By Bruce Buchanan, Sebelist Buchanan Law

In two bizarre cases, involving the same individual, the Office of Chief Administrative Hearing Officer (OCAHO) found the complainant had not actually filed a charge with the Office of Special Counsel for Immigration -Related Unfair Employment Practices (OSC), nor, receive a right to sue letter; thus, her cases were dismissed by OCAHO. See Jablonski v. Robert Half Legal, 12 OCAHO no. 1272 (2016), and Jablonski v. Yorkson Legal, 12 OCAHO no. 1273 (2016).

In a nutshell, Jablonski claimed she applied for paralegal jobs from 2006 to 2014 with Robert Half Legal and Yorkson Legal, two legal recruitment companies, and had never been hired for any of the advertised positions. Jablonski did not have a scintilla of evidence of why she was not hired, but alleged to OSC that it was due to her citizenship status. Furthermore, she alleged these recruitment companies must have been recruiting/hiring “an illegal or visa applicant and/or fraudulently posting jobs that are not filled on their website and other websites.”

Interesting, as a paralegal, she had difficulties following OCAHO rules concerning the filing of a complaint. As an example, she attached 54 pages of materials to her complaint even though no such “attachments are sought or encouraged” under OCAHO rules.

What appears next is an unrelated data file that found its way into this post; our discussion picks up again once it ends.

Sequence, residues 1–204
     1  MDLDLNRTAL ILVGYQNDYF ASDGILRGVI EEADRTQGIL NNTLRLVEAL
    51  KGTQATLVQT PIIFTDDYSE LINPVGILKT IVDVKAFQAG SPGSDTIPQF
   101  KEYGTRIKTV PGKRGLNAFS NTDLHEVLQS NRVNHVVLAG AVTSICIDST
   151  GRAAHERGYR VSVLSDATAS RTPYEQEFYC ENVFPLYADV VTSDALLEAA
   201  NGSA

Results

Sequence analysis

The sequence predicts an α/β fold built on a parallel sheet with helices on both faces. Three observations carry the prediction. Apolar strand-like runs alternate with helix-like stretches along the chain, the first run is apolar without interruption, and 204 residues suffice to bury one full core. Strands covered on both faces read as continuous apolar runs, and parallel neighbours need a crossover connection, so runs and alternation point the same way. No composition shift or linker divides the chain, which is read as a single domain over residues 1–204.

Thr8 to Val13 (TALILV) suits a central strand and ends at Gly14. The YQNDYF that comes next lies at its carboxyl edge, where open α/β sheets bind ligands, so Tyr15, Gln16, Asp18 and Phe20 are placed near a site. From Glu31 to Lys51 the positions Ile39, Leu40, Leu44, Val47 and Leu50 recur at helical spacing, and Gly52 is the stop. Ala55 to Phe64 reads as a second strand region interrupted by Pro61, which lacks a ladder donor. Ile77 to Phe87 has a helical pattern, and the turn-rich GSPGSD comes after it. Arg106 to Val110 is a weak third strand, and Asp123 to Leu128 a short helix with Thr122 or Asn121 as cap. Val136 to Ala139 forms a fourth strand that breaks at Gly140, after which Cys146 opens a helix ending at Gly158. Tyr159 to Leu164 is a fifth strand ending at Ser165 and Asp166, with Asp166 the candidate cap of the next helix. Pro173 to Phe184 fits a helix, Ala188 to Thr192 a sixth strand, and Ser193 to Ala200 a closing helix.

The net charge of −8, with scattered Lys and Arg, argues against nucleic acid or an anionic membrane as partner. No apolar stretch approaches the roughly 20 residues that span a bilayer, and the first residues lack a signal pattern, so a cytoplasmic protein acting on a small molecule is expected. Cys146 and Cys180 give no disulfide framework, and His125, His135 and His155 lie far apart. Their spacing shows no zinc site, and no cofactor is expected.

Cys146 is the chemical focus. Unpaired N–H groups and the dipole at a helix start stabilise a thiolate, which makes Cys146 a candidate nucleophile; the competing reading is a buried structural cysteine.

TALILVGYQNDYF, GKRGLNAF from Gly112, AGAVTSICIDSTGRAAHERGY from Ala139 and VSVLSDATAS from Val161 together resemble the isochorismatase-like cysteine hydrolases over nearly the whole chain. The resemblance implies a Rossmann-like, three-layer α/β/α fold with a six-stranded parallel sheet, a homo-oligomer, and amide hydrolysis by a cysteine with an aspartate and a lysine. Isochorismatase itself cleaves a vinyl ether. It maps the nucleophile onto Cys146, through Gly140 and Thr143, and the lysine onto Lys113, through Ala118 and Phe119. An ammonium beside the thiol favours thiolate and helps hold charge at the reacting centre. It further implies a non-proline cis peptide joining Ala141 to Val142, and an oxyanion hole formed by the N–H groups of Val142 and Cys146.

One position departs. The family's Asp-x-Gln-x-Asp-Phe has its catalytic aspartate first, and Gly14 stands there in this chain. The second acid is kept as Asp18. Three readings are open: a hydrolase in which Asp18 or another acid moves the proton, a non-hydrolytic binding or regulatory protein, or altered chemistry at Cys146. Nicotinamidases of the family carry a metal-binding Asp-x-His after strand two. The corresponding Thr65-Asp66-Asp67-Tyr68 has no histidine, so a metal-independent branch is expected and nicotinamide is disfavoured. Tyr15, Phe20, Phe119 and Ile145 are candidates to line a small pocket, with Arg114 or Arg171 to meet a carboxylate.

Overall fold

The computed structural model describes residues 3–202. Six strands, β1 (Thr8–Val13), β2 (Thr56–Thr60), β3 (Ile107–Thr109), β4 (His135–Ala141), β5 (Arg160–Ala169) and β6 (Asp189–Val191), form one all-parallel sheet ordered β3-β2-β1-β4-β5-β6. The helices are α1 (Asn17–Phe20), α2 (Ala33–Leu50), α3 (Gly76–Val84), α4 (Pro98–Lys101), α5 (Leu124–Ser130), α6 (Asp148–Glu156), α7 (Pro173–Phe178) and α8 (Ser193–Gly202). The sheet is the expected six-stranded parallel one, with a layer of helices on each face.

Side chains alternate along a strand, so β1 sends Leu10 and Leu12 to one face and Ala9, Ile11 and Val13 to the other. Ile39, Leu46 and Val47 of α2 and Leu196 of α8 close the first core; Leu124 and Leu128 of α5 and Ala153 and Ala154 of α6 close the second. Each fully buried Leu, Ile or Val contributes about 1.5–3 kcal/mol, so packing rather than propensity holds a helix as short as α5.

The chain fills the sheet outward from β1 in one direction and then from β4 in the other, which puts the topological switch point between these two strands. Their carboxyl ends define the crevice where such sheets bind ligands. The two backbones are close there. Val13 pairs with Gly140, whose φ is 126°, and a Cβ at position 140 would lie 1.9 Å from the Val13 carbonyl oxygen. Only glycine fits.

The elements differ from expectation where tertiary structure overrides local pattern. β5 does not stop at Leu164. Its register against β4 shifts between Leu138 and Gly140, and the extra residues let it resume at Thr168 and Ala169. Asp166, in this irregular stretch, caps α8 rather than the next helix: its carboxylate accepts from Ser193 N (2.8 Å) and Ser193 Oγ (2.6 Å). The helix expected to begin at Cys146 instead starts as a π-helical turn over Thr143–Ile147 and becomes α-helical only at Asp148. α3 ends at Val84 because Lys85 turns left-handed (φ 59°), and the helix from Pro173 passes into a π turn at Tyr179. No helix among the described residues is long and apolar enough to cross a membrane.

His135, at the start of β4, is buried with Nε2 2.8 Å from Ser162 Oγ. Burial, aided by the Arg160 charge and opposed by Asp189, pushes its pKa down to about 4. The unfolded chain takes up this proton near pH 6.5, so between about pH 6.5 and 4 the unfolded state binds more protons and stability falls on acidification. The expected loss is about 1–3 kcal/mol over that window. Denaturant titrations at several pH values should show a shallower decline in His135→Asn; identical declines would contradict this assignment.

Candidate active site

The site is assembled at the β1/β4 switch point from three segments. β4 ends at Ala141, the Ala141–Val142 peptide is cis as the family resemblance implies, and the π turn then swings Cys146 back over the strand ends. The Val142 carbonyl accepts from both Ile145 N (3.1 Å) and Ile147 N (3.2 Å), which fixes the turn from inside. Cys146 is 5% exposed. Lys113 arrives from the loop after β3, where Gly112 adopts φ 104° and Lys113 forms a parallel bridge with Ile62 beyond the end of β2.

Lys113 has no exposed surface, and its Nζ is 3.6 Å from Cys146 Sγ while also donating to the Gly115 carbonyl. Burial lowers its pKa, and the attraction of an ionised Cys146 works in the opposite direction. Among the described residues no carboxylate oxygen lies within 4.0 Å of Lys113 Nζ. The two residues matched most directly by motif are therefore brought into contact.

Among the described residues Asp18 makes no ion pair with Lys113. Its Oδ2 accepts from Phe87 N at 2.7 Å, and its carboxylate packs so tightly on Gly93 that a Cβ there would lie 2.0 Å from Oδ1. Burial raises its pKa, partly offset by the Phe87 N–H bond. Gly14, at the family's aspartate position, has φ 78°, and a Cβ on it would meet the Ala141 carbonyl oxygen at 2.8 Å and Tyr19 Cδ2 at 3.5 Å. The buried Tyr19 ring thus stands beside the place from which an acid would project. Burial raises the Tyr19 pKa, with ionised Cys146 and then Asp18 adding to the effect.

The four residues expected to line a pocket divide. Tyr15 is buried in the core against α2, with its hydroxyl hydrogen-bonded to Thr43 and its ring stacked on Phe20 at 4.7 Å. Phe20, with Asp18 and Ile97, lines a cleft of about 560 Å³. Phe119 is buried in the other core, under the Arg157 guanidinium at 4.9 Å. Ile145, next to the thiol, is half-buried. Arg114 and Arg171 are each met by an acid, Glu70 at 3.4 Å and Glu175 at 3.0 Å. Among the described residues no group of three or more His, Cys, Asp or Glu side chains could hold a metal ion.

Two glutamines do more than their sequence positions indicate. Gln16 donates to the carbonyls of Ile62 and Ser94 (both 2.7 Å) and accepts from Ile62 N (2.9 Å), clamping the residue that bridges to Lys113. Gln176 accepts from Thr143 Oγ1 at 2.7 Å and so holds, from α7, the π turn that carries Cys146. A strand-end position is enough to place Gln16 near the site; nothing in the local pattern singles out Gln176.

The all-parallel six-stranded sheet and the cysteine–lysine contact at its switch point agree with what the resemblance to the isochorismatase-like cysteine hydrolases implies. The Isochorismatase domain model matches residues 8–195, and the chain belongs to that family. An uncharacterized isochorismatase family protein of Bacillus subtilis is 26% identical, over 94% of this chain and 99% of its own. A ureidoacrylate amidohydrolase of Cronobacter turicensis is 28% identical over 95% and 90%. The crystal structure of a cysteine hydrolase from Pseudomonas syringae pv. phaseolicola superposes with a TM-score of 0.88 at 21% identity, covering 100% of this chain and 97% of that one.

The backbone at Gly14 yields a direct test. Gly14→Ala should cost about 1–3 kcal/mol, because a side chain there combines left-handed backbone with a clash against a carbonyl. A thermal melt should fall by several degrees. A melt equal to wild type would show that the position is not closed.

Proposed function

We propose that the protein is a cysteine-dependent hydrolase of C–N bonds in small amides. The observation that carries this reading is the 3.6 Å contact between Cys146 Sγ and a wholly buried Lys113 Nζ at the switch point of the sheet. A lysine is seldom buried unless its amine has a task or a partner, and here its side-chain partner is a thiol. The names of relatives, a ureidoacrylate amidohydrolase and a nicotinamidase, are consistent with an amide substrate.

Ultimately, OCAHO found, based upon written responses from OSC, that Jablonski’s assertions that she filed charges with the OSC on October 10, 2014, were incorrect. The true facts were that Jablonski attempted to file a charge with OSC, but OSC responded to Jablonski that she needed to provide “specific information” about the discrimination. Jablonski responded to the letter but without specific information; thus, the OSC dismissed her charges for “lack of reasonable cause.” The OSC never provided her a letter stating she had the right to file a complaint with the OSC.

Without Jablonski providing any information of discrimination, the OSC did not conduct an investigation nor issue her a “90 day” (also sometimes referred to as “right to sue”) letter. Thus, OCAHO had no basis of hearing the case and it was dismissed without leave to amend.

The lesson of those cases is anyone can attempt to file an action with the OSC (or a court), but one must have evidence of discrimination or a violation of the law for the case to go forward. The argument that I must have been discriminated against because I was not hired is a ludicrous charge and will be dismissed by a government agency or court on every occasion it is filed